Convolutional Neural Networks: Object Detection
Founder & CEO at Azoft
Reading time: 19 min
These days there are so many photo and video surveillance systems in public areas that you would be hard pressed to find someone who hasn’t heard about them. “Big Brother” is watching us — on the roads, in airports, at train stations, when we shop in supermarkets or walk down in the underground. Remote monitoring technologies, photo, and video capture programs are widespread in everyday life but they are also intended for military and other purposes.
The captured visual data comes in large amounts and requires constant support and development of new methods to automate its processing. In particular, digital image processing often focuses on object detection, localization and pattern recognition.
Azoft R&D team has extensive experience dealing with similar challenges. In particular, we have implemented a face recognition system and worked on a project for road sign recognition. Also, we have an experience in implement technology of fully convolutional neural network for semantic segmentation. Today we are going to share our experience on how to do object detection in images using convolutional neural networks. This type of neural networks has successfully proven itself in our past projects.
In the past, the Haar cascade classifier and the LBP-based classifier were the best tools for detecting objects in images. The artificial neural and recurrent neural networks handled the situation pretty well, but had a lot of challenges and problems. With the introduction of convolutional neural networks and their successful application in computer vision, cascade classifiers have become a second-best alternative in image detection field.
We decided to test the practical effectiveness of convolutional neural networks for object detection in images. We chose the car license plate and road sign pictures as the objects of our research.
The goal of our project was to develop several cnn models that render object recognition in images with a higher quality and performance than cascade classifiers. We chose two different ways to approach the situation: using a network that is fully convolutional (all artificial neurons from a single layer connect to every neuron from a connecting layer) and one that is not fully convolutional.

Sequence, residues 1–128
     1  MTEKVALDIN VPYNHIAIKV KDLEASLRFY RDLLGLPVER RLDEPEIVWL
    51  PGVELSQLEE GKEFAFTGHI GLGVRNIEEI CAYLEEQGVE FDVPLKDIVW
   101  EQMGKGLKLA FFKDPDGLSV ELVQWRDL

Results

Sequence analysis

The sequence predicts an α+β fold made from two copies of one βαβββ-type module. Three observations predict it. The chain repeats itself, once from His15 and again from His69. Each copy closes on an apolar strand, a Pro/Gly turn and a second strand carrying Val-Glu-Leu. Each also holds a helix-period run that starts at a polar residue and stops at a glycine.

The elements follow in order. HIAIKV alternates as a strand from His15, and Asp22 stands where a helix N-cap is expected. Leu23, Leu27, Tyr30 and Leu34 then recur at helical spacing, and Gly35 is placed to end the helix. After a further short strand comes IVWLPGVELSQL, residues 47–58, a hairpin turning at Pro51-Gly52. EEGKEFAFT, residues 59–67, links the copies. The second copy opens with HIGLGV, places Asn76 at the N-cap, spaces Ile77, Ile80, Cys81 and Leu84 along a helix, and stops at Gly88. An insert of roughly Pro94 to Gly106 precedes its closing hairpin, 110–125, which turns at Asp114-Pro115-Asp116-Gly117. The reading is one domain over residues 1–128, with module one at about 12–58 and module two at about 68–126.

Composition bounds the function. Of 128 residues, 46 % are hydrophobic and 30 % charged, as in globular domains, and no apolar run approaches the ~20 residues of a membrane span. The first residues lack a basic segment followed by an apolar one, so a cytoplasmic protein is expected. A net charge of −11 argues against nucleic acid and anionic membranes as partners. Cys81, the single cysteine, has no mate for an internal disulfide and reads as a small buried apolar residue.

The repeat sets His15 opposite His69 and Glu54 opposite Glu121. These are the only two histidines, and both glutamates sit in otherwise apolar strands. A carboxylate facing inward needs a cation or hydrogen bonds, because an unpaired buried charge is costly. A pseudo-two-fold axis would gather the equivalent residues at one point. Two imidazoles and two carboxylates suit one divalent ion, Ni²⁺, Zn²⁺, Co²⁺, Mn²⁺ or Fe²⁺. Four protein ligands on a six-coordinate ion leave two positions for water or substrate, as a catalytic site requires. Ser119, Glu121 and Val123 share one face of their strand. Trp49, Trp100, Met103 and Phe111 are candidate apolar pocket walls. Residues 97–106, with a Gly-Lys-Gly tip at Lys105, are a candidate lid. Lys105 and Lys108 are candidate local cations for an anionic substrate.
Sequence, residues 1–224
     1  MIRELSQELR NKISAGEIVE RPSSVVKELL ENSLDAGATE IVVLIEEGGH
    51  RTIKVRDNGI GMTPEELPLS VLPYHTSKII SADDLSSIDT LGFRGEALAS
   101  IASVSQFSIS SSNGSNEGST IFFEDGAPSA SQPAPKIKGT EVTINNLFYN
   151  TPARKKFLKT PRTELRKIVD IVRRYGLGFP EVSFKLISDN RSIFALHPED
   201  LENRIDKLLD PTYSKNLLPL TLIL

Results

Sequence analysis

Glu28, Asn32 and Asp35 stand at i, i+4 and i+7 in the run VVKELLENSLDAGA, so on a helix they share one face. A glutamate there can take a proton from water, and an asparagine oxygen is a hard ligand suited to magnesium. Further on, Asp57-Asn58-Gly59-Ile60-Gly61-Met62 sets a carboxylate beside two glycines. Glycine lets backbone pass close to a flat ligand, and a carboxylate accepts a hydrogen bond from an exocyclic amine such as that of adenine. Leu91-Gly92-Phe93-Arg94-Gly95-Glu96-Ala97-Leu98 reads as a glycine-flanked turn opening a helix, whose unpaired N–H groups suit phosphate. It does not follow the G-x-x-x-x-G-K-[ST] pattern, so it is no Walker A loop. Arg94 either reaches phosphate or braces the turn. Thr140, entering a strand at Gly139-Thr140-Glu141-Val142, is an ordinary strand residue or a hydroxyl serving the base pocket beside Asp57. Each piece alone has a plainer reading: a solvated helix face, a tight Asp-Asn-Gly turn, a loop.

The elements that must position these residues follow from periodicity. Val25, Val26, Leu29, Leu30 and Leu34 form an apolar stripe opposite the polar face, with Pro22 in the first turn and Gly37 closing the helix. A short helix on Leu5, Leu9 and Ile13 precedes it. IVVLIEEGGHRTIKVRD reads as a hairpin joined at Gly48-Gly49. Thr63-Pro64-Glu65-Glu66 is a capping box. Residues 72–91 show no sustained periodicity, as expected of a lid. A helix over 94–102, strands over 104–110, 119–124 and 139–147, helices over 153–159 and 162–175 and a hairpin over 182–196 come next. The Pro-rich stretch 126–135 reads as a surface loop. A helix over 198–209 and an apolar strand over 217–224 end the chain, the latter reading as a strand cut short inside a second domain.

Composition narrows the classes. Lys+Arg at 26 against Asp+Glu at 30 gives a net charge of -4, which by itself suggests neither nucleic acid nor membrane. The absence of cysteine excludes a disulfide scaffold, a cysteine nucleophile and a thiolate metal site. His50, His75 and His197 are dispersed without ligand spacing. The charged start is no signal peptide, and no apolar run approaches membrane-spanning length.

The task is broken into four stages:
- License plate keypoints detection with a CNN
- Road signs keypoints detection with a CNN
- Road signs detection using a fully convolutional neural network
- Comparing cascade classifiers and a CNN performance in license plate detection
The first three stages were executed simultaneously. A single engineer was assigned to each one of them. At the end, we compared the final model of the first stage convolutional neural network to cascade classifier methods by chosen parameters.
The performance of various recognition algorithms is particularly important for modern mobile devices. This is why we decided to test neural networks and cascade classifiers using smartphones.
Stage 1. Training neural nets to recognize key points on license plates
Over the years, we have used machine learning for several research projects, and for image recognition we’ve often used training data sets of license plate numbers to “feed” learning algorithms. Seeing as our new experiment required the detection of specific identical objects in images, our license plate database suited perfectly.
First, we decided to teach the convolutional neural network to find keypoints of license plates. This was the purpose of the regression analysis. In our case, pixels of the image were independent input parameters while the coordinates of object keypoints were the dependent output parameters. You can see the example of keypoints detection in the image below.